By Donna Lewis Johnson
Special to the AFRO

It’s not every Sunday that the Presiding Bishop of the Episcopal Church Michael B. Curry worships at a parish in D.C. His itinerary places him around the country and the world. But, on the last Sunday in January, Curry was front and center at St. Timothy’s, a majority Black Episcopal church, and then spent the afternoon at the “More Jesus, More Love,” revival at the Entertainment and Sports Arena, both in Southeast, D.C. 

“It meant a lot that an important person in my life and in my church actually came to my church all the way in Southeast D.C.,” said teen Shana Jones, who assisted on the altar.

Episcopal Presiding Bishop Michael Curry at the “More Jesus, More Love,” revival at the Entertainment and Sports Arena in Southeast,
Washington, D.C. (Photo by Lucas Ballard)

Christians from across the D.M.V. and denominations, gathered at St. Timothy’s to hear Bishop Curry discuss the future of Black and multicultural Episcopal churches in this new decade. 

In a conversation moderated by Episcopal Diocese of Washington’s (EDOW) Canon to the Ordinary Paula Clark, Curry answered difficult questions about the challenges that Black and multicultural churches are facing.

“How much time we got [to talk],” he quipped.

Known for his quick wit, powerful evangelism and straightforward preaching style, Bishop Curry cautioned that the Episcopal church, like America, is struggling with its identity. 

“We must decide are we what we have been for the last 50 years or so, which is a religious institution in American society, or are we Jesus people,” he said.

Canon Paula Clark and Bishop Michael Curry at St. Timothy’s Episcopal Church in Southeast, Washington, D.C., discussing the state of Black and multicultural churches. (Photo by Chelsea Harrison)

The service was a nod to changing times, featuring an extraordinarily upbeat liturgy that included a liturgical dance performance, drums and unscripted amen shouts from congregants. Gone was the recurring kneeling that’s commonplace in Episcopal services. 

Also, in lieu of a sermon, Curry sat down with the Canon Clark to talk rather than preach. 

Bishop Curry’s conversation at St. Timothy’s was his next to last stop in a three-day weekend, summit and celebration hosted by EDOW commemorating their 125th convention. The whirlwind “More Jesus, More Love,” weekend also included a young adults gathering on Friday, the EDOW convention on Saturday morning and afternoon and a dusk-to-dawn youth overnight.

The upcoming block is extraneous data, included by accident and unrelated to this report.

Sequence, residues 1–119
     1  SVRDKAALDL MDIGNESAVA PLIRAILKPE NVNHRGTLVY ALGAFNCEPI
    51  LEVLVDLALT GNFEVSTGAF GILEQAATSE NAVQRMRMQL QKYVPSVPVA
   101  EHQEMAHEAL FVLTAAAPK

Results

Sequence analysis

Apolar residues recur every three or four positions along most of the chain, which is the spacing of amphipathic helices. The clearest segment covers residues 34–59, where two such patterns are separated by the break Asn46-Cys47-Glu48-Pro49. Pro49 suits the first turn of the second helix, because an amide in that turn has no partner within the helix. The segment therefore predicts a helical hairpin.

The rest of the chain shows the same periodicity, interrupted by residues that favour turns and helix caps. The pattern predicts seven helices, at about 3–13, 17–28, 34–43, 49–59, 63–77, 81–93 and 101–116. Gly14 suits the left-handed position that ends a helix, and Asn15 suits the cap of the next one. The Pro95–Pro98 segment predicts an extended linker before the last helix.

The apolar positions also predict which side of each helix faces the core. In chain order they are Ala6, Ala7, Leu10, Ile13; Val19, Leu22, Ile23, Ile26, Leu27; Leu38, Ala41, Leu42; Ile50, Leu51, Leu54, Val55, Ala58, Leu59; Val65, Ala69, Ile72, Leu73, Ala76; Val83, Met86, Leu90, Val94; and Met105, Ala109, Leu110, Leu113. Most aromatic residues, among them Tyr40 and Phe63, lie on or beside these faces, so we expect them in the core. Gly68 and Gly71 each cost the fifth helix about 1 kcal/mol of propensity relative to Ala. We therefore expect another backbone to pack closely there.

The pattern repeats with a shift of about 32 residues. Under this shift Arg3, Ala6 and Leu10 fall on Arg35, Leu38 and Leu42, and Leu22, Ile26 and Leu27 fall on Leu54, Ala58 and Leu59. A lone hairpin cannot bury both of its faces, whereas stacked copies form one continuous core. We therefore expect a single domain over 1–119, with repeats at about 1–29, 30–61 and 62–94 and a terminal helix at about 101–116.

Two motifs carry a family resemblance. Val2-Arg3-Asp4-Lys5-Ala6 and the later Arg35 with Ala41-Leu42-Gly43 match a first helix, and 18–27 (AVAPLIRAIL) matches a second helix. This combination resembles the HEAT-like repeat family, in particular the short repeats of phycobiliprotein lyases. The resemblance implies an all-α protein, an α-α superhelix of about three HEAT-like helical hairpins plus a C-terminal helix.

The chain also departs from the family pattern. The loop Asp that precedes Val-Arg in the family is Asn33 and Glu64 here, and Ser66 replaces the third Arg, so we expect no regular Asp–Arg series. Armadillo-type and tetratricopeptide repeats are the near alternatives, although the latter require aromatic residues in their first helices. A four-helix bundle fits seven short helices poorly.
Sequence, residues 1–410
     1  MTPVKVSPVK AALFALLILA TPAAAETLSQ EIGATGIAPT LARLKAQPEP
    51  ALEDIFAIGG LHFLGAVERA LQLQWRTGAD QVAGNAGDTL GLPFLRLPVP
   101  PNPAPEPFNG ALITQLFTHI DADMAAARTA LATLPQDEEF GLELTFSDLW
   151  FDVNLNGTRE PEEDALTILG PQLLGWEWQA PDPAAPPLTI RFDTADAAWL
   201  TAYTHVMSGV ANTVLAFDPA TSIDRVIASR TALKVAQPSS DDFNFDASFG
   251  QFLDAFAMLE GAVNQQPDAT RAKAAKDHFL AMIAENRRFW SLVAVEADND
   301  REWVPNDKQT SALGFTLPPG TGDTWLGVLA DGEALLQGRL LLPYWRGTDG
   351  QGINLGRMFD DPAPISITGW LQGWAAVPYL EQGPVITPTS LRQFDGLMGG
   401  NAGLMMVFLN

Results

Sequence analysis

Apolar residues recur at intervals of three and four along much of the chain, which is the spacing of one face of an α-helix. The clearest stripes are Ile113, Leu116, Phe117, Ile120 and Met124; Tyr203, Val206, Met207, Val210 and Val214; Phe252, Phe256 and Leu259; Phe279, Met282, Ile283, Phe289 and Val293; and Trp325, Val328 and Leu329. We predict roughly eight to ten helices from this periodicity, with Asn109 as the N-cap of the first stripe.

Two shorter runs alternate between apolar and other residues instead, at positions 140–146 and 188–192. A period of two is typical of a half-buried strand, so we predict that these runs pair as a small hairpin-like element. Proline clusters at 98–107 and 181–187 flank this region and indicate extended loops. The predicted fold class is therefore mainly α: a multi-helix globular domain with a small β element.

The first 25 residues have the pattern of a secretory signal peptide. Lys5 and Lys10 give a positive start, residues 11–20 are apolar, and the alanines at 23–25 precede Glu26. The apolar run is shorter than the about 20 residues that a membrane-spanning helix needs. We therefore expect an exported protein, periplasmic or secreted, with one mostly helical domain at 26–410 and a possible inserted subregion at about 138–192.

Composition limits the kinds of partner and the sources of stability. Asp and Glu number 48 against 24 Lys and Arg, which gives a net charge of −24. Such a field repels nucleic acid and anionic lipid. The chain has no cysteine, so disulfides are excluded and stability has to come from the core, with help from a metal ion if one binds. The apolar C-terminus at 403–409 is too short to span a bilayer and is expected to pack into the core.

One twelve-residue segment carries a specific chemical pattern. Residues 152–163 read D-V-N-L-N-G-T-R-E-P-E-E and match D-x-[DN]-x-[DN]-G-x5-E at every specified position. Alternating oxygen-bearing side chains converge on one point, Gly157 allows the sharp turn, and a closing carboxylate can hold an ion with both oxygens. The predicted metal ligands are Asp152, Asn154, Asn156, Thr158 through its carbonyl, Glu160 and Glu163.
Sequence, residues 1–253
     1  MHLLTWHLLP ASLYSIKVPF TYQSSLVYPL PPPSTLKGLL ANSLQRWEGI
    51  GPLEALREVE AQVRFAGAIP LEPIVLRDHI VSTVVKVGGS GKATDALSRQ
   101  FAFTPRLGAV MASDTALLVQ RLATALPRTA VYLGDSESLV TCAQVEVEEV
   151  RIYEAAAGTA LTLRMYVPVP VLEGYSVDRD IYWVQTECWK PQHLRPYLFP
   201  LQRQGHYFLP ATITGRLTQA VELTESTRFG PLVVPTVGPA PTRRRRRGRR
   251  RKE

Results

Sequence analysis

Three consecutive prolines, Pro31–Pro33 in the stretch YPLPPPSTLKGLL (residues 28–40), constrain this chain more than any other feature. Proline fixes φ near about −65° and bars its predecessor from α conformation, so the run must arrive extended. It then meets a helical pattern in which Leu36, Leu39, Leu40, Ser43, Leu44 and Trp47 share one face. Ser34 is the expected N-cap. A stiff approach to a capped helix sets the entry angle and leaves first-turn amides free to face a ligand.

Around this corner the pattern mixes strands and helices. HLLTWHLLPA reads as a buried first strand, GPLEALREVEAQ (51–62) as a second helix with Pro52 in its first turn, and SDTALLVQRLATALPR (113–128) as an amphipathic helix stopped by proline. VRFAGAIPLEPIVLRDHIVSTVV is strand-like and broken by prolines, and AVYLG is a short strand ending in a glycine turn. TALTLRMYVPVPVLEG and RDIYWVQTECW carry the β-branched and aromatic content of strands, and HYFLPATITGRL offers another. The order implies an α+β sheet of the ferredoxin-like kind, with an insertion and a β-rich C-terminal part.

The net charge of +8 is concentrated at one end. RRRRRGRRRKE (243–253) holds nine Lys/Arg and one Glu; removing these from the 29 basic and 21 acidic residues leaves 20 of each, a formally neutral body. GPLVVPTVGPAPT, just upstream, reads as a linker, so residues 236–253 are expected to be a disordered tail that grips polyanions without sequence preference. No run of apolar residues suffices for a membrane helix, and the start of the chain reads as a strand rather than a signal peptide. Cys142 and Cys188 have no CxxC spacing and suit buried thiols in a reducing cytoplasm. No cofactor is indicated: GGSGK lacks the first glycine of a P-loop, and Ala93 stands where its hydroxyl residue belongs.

“More Jesus, More Love” culminated on Sunday afternoon at the Entertainment and Sports Arena, where some 3,300 people showed up for a robust service featuring Curry, EDOW Bishop Mariann Edgar Budde, and a diversity of choirs, solo artists and live and video testimonials.

Speaking in both English and Spanish, Bishop Budde, said,  “We pray that this afternoon will be one of great joy for you. So take it in. Allow God to speak.”

Inclusion and belonging were the subtexts of the event’s larger theme- the power of love to heal a broken world. 

Jason Crighton, a lay Eucharistic minister and vestry member at St. Thomas’ Dupont Circle, revealed, “Being open about my Christianity often feels like a second coming out. It requires being open about where and why I seek Jesus as a gay introverted millennial living in Washington, D.C. in 2020.”

Jennifer Amuzie, a self-described preacher’s kid or “PK,” brought the house down when commenting on her relationship with the Episcopal church.  

“The lesson I came away with after growing up in grad school for churchy things and being inside the church every time the doors were open, is that church folks are kind of a mess.  

I mean, seriously, nobody needs Jesus more than Christians,” Amuzie said, garnering laughs and cheers.

On cue, Bishop Curry took to the podium on the heels of the song “Bring Me a Higher Love,” preaching a sermon that transcended the political divisiveness of these times and moved the audience to multiple ovations. 

“Is there a Democrat in the house,” he asked. The audience responded in winds of laughter. “Then you got to find a Republican and you got to love him,” he continued.

“And is there a Republican in the house,” Curry went on to ask. “And I want you to find the most left-wing Democrat you get your hands on and love him.”  

“You go out and love somebody,” he said, issuing his final call to action in the historic revival that began on the rolling campus of the Washington National Cathedral and ended on a hilltop east of the Anacostia River.